7 Unique Traditions In Jamaica
Jamaica is a diverse and beautiful country, full of lush forests and pristine beaches as well as excellent food and music. It also has a long and difficult history. The country was colonised from 1655 up until 1962, which has a knock on effect on Jamaica’s strong sense of identity. This has also led to many traditions and customs that are uniquely Jamaican. Here are 7 of most unique traditions in Jamaica.
Fascinating and interesting Jamaican traditions and customs
Rastafarianism is technically a religion, but it’s more of a way of life that’s uniquely Jamaican. It developed during the 1930s, stemming from Christianity. Above all, rastas are peaceful people, which could have contributed to Jamaica’s laid back reputation. They don’t cut their hair, choosing to wear it in dreadlocks instead, for they believe their power is in their hair. They also smoke marijuana to open themselves up to spiritual awareness. Rastas also consider their body a temple, only filling it with nourishing and balanced foods and mainly sticking to a vegetarian diet. Although there are rastas all over the world, they’re quintessentially Jamaican.
Revivalism ceremonies occur in some way across European and African identities but have become something uniquely Jamaican. It began in 1860 in Jamaica as part of a religious movement called the Great Revival. The ritual involves drums, clapping, singing, shouting, foot-stomping, and dancing along with prayers. Revivalist Christianity in Jamaica doesn’t believe in a separation between the living world and the dead world, meaning spirits can affect the lives of the living. Therefore, it’s best to keep the spirits happy by worshipping them at ceremonies.
Nine Nights ritual
The Nine Nights ritual was traditionally celebrated to ensure the deceased’s ‘duppy’ didn’t come back to haunt the living. A duppy is a ghost or spirit, generally a malevolent one. These rituals arose as a way to appease these spirits. While many Jamaican death rituals are dying out nowadays, the Nine Nights ritual is still going strong. It’s a nine-day-long wake and typically involves music, plenty of food, dancing, anecdotes, and lots of rum. Friends and relatives will meet and celebrate the life of the person who has passed, and the gatherings are normally very lively and fun. Traditionally, the person will be buried after the ninth night, once the celebrations have finished.
Kumina is a Jamaican religious ceremony combining dance, music, drumming, and spiritual possession. It’s often performed at revivalism ceremonies, as a way of celebrating and appeasing ancestors. Most of Jamaica’s traditions have roots in Africa, but this is perhaps the most deep-rooted in African Cultures – the Kumina religious group came originally from the Congo. The Kumina dancers will perform hypnotic chants to ‘catch the spirit’, it’s believed that the ancestor will be called down and possess one of the dancers.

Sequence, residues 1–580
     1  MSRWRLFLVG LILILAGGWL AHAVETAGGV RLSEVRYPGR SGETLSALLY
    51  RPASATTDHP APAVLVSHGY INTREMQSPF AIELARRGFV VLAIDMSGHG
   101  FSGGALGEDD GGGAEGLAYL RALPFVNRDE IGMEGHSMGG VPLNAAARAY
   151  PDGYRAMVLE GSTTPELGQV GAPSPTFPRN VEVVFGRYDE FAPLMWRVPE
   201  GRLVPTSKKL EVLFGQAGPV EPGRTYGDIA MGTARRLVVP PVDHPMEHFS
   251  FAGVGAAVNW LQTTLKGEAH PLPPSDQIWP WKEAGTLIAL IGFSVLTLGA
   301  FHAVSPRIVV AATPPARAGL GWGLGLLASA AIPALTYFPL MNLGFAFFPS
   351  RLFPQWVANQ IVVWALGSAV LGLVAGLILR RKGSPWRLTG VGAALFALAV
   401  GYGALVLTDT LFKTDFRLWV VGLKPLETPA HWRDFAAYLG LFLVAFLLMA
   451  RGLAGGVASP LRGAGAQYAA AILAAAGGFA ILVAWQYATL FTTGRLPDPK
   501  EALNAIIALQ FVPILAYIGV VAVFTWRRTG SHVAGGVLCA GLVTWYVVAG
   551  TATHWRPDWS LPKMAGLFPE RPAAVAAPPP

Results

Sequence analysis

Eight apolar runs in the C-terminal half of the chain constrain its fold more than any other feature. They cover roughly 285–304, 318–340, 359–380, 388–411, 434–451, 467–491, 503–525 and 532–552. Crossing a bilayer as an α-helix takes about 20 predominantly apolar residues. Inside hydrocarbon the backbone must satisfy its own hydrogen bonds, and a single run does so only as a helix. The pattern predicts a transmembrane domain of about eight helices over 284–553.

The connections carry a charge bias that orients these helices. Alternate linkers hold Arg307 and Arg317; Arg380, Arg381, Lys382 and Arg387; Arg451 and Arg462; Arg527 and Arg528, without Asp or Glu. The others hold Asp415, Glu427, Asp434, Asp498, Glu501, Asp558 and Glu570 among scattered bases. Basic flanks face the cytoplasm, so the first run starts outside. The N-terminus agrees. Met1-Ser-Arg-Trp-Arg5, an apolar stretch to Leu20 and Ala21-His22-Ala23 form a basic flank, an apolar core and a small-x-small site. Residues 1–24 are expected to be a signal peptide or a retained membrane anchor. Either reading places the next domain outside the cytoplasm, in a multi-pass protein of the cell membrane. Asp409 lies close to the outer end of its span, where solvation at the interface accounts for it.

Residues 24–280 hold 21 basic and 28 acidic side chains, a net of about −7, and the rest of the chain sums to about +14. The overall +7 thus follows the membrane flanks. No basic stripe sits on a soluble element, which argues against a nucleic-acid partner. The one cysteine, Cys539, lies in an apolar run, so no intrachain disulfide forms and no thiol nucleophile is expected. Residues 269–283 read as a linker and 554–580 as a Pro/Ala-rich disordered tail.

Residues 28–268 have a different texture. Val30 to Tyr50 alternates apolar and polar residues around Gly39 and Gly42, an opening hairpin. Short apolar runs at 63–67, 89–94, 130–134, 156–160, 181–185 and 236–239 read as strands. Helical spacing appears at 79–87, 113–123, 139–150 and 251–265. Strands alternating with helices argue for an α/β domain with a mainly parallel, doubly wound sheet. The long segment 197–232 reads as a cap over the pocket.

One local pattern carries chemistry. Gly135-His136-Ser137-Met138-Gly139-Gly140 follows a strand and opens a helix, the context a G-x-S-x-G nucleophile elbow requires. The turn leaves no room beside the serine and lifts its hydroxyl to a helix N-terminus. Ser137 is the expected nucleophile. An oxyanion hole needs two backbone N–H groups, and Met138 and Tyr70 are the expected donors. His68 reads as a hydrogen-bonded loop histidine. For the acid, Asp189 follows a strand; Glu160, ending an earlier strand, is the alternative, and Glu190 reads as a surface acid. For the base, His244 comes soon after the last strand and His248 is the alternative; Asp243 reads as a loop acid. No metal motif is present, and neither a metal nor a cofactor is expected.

Kumina is performed at funerals, wakes, weddings, engagements, and birthdays. It’s also performed when luck is needed, like if a court case is coming up.
Food is undoubtedly a huge part of Jamaican tradition. It combines the rich flavour of Africa, the ancestry land, with the Caribbean island. They take food very seriously – under no circumstances would a gathering be held without food. Not only is it ingrained in their culture and tradition, it’s delicious. Jerk chicken, rice and peas, ackee and codfish, callaloo, curry goat, and many more excellent dishes. As we’ve said, there’s a strong sense of identity in Jamaica, and food is a big part of that.
Patios is an English-based Creole language, born when Jamaicans ancestors were taken from their home country and forced to speak English. Patois became even more popular after Jamaica gained independence in the 1960s. Jamaicans are a very proud people, and Patois is a form of expression and identity. Out of all of the traditions in Jamaica, speaking Patois is probably the most connected to their everyday life.
Obeah is a form of black magic. It’s officially illegal, although it’s rare for someone to be convicted for using it. People turn to obeah to put a curse on their enemy, to protect themselves from enemies, to bring themselves luck, or to be healed. There are special obeah consultants, known as ‘obeah men’. These consultants are still popular in rural areas but considered immoral in urban areas. The obeah men take money for their services, so they’re often accused of preying on the vulnerable by profiting off their superstitious beliefs and poverty.